The HKU Scholars Hub (the Hub) began service as a traditional institutional repository of The Uni...
The HKU Scholars Hub (the Hub) began service as a traditional institutional repository of The University of Hong Kong (HKU). However this format was not compelling to HKU researchers. Fortunately a subsequent reformation of the HKU statement on university mission and vision infused new life and purpose into the project. Over the next five years, in partnership with the Italian University Consortium, Cineca, the HKU Libraries transformed the Hub from an IR to a Current Research Information System. We expect that future development will see the Hub further transformed into a research information management system supporting both internal decision support and external public discovery. We will present new work developed recently to further these goals.
IRs collect, manage and display publications, and their metadata. However, an institution’s research, expertise and capacity is described by more than publications. The Hub, hosted in DSpace, began as the IR of HKU in 2005. Asking for voluntary deposit of publications from HKU academics, it received little notice, and more importantly, little support from University senior management. In 2009 a new HKU initiative, Knowledge Exchange (KE), adopted the Hub as a key vehicle to share knowledge and skill with the community outside HKU. Upon winning grant support from the office of KE, the HKU Libraries chose Cineca as a development partner. Together we designed specifications to extend the data model of DSpace. We architected solutions to support non-publication objects, including people, grants, and patents. These entities are managed in new database tables with a flexible structure that is able to hold indexed and interlinked attributes, such as co-investigators, co-inventors, co-prize winners, research interests, languages spoken, supervision of postgraduate theses, etc. The structure has been designed to provide native support (through a backend UI) to the data model extensions. This will allow local operators to easily add new entities and new attributes, interlinkable to any internal or external corresponding record, without the need to write new code.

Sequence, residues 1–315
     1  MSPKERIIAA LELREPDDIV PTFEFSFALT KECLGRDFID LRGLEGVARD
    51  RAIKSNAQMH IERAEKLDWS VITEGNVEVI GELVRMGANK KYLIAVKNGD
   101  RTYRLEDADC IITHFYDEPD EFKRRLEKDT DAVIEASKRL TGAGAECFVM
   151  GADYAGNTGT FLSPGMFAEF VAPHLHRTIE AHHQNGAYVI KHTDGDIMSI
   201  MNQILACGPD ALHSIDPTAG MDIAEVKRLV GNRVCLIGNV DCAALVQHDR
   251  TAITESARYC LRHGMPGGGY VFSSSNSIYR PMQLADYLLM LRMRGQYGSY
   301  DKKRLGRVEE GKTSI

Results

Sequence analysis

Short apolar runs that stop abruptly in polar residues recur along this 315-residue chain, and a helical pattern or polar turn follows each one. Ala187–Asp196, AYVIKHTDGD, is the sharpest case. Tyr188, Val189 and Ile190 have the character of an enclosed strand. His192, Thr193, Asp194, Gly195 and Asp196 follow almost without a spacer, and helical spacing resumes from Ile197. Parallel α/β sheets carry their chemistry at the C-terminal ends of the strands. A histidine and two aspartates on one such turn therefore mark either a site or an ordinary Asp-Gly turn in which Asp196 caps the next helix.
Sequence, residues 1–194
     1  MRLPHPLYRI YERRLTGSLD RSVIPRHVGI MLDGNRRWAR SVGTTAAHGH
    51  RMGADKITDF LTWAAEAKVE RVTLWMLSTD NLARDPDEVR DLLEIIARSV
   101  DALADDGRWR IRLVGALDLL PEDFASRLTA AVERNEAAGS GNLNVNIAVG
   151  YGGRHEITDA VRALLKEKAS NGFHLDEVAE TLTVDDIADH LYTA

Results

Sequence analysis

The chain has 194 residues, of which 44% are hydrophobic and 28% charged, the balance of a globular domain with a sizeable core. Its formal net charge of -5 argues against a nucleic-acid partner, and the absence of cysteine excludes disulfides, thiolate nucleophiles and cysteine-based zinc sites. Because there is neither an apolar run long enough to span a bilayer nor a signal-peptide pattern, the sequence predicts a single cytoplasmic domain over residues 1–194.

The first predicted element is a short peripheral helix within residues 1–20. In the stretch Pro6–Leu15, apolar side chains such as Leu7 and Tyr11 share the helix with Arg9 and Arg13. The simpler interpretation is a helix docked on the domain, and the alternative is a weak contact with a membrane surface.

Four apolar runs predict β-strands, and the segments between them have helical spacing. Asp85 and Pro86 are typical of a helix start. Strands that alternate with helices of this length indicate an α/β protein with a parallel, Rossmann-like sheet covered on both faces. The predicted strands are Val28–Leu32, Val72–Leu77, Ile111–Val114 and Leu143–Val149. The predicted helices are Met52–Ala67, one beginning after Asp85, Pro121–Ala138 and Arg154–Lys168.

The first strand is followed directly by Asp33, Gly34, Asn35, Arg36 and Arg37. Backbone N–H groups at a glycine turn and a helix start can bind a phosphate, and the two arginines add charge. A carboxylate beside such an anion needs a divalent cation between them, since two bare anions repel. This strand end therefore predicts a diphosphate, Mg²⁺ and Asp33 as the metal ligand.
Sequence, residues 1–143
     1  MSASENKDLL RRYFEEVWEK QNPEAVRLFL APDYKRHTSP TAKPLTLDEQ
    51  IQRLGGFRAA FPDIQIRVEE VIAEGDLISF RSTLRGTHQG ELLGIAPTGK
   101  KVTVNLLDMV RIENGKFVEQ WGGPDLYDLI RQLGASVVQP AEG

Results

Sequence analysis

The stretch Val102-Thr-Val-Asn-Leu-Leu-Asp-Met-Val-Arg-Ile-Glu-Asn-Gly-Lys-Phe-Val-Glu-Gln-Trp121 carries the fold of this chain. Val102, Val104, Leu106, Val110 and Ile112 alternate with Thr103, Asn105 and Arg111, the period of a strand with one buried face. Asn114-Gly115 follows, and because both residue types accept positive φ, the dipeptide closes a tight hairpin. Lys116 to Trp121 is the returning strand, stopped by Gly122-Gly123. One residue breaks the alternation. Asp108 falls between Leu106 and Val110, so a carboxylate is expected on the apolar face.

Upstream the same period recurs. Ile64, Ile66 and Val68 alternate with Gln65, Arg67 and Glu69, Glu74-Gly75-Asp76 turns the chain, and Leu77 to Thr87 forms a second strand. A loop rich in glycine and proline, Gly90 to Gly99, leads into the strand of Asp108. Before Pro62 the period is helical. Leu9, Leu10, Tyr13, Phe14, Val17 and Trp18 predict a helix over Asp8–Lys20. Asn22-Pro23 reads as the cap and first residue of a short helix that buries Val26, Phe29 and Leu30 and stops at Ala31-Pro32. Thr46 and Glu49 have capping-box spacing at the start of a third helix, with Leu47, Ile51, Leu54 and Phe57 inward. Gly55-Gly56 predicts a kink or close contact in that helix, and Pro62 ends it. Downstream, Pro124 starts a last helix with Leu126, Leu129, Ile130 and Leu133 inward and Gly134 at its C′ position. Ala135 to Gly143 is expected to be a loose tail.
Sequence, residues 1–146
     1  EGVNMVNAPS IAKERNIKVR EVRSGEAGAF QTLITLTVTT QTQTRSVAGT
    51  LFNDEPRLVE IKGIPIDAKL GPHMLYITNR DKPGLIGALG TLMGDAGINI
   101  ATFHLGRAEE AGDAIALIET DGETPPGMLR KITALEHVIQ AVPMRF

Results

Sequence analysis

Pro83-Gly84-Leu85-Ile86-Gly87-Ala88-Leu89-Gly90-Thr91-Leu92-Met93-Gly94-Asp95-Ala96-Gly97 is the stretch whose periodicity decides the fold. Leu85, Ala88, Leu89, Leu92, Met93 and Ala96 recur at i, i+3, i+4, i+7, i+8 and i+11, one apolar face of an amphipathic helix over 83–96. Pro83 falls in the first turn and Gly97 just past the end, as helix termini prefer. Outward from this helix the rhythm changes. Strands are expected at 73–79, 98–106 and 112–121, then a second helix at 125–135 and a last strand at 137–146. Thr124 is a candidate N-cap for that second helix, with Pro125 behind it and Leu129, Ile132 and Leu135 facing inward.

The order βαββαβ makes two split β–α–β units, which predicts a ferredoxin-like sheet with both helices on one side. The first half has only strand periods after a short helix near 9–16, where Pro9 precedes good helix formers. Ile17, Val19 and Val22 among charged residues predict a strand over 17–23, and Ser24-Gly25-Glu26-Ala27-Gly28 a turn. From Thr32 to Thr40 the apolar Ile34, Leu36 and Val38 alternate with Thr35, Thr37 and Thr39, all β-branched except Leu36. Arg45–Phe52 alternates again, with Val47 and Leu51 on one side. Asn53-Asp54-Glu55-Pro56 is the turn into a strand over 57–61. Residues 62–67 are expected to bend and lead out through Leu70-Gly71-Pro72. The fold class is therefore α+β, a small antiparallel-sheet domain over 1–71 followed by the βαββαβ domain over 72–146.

Beginning with local data in several HKU silos, scripts will search for corresponding or augmented records in external sources, harvest and merge with Hub data. These sources are publication databases (Scopus, WoS, PubMed, etc.), funders (Hong Kong Research Grants Council, NIH, etc), patents (USPTO, Espacenet, Japan Patent Office, etc), and bibliometrics (Scopus, Google Scholar Citations, SSRN, etc).
The DSpace user interface now delivers an integrated search and display on all objects and attributes, as well as on ones newly derived, such as a) authority work on name disambiguation and synonymy in Roman and Hanzi (漢字), b) visualizations on networks of co-authors, co-investigators, etc, c) metrics extracted from external sources, and d) internal alt-metrics of view and download counts, and more.
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